It is coincidental that he met both the leaders of the rioting group, which leads us to believe that this is informer's evidence and the informer could have just been eager to name names. David Egan, an historian, wrote a book detailing more tollgate attacks occurring in the space of just a few days. We see, from this piece of secondary evidence, that a 75-year-old toll keeper named Sarah Davies was killed. This is the first death we have seen in one of these attacks and it is undeniable that the violence carried out by the Rebecca Rioters worsened after 1839. We know there were several causes for the Rebecca Riots - poverty, shortages of food and enclosures of public land. Nevertheless, these were not the only causes. Looking at information taken from the 1841 Census of Population, which investigated the numbers and employment of able-bodied adults over 21 years old, we see that the majority of people were working in agriculture. Therefore, agriculture was very important because so many people relied on it. This is a factual piece of primary evidence because it is a bar chart and only deals in numbers and statistics. However, there could be gaps in the information because some people may have refused to participate; and it only deals with people over the age of 21 - it may not give a very accurate picture of the populations' employment. Reverend J. Evans wrote a series of letters whilst on a tour through South Wales in 1804. He talks of how soil is ruined when the same crop is planted year after year. He also says that while marl - clay, used as fertilizer - was used successfully in England, it was not so in Wales. If the soil was of poor quality, there would be less output, which would be dangerous for an industry that so many people relied upon. ...read more.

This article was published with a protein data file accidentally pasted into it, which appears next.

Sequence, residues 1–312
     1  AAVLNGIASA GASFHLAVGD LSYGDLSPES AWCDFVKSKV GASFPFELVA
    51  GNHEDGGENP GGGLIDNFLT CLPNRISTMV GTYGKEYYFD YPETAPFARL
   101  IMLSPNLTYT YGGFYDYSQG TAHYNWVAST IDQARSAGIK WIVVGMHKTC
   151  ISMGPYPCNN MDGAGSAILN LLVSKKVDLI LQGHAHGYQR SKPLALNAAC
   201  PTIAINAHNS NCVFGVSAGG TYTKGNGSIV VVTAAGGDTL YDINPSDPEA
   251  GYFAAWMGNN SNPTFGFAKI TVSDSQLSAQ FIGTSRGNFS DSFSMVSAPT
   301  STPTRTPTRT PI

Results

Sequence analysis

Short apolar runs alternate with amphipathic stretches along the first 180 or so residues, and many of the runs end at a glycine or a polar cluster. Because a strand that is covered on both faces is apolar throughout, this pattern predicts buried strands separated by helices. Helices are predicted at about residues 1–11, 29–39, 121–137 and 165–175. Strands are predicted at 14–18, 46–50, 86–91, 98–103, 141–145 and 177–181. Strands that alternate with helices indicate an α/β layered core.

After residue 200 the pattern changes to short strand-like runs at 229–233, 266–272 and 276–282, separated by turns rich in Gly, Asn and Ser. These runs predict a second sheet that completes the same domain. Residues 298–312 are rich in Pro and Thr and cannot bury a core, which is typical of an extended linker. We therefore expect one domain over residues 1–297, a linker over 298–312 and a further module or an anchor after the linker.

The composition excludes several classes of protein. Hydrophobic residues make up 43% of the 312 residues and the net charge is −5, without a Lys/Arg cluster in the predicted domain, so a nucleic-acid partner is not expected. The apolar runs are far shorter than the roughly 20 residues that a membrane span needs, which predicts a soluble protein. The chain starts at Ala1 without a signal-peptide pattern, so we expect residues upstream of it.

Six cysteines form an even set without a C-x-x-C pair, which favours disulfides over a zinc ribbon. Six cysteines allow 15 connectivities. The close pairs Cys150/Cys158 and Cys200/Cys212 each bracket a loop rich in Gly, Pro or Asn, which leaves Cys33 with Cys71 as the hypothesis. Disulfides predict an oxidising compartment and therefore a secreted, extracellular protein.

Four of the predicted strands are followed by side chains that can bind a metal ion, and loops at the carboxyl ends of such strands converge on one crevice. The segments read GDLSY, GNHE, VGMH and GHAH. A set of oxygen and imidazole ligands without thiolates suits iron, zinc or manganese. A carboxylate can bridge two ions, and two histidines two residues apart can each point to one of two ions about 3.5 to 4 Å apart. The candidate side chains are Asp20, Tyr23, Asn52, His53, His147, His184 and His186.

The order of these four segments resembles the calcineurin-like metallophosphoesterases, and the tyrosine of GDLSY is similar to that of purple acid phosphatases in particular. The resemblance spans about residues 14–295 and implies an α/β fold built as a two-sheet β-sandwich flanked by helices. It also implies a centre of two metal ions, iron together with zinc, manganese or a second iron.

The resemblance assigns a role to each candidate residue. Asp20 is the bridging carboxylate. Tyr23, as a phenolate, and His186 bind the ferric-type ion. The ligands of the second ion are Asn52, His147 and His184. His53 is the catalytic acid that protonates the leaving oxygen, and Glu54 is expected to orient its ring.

W. Day from Carmarthen wrote to George Cornwall Lewis on the 9th of July, 1843. In an extract from this letter, we can see that before 1836, one tenth of the farmer's crop was taken by the church, and sometimes more if it had been a good year. This means that the amount taken was proportional to the amount successfully produced. However, after 1836, the amount taken was fixed, regardless of whether the farmer had had a good or bad year. As mentioned before, this primary source (taken from Home Office papers) elaborates on what David Evans wrote, making both sources more reliable. We also know that W. Day was a magistrate/landowner, which makes this source rather unique - it is the only evidence so far to have been written from the landowner's perspective. It is a great admission for a landowner to make, and balances the evidence. This source is totally factual. William Williams spoke about the price of lime to a Commission Inquiry Into South Wales in 1844. Unlike several of the previous sources, this one does have some weaknesses. The interrogator asks a leading question, putting words into the man's mouth, something that is not allowed in court. William Williams refers to 'they' instead of 'we' or 'I', which indicates that he is not perhaps a tenant farmer but knows a lot about the tolls on lime etc. Alternatively, he may just not speak English very well. Towards the end of the source, the man seems unsure and answers with 'I think so', which is quite vague and unhelpful. This extract is backed up by another source, taken from the Dyfed County Council book, because they both mention a toll on lime. Therefore, it would appear that the toll on lime was the spark that ignited more rioting after 1839. However, the reasons behind the types of violence used by farmers covered many different areas. The violence came to a stop after 1843, as did the appearance of 'Rebecca and her daughters.' This can most likely be attributed to an improvement in agriculture. ...read more.